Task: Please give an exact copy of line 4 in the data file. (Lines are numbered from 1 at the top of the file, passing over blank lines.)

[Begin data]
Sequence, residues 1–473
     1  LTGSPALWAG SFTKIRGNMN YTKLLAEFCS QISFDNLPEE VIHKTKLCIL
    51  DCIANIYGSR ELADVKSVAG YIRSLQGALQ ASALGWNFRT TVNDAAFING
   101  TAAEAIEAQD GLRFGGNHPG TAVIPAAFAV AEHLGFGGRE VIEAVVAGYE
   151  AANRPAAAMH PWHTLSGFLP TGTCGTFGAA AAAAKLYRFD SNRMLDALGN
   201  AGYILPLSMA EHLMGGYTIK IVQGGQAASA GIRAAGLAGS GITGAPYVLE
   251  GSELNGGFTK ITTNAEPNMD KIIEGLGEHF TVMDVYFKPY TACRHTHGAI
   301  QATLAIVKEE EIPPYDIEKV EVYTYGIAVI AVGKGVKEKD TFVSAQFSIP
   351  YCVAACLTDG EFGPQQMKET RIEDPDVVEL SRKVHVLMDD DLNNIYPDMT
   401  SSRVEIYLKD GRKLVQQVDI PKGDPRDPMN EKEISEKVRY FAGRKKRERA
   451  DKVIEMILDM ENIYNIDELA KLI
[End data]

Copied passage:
   101  TAAEAIEAQD GLRFGGNHPG TAVIPAAFAV AEHLGFGGRE VIEAVVAGYE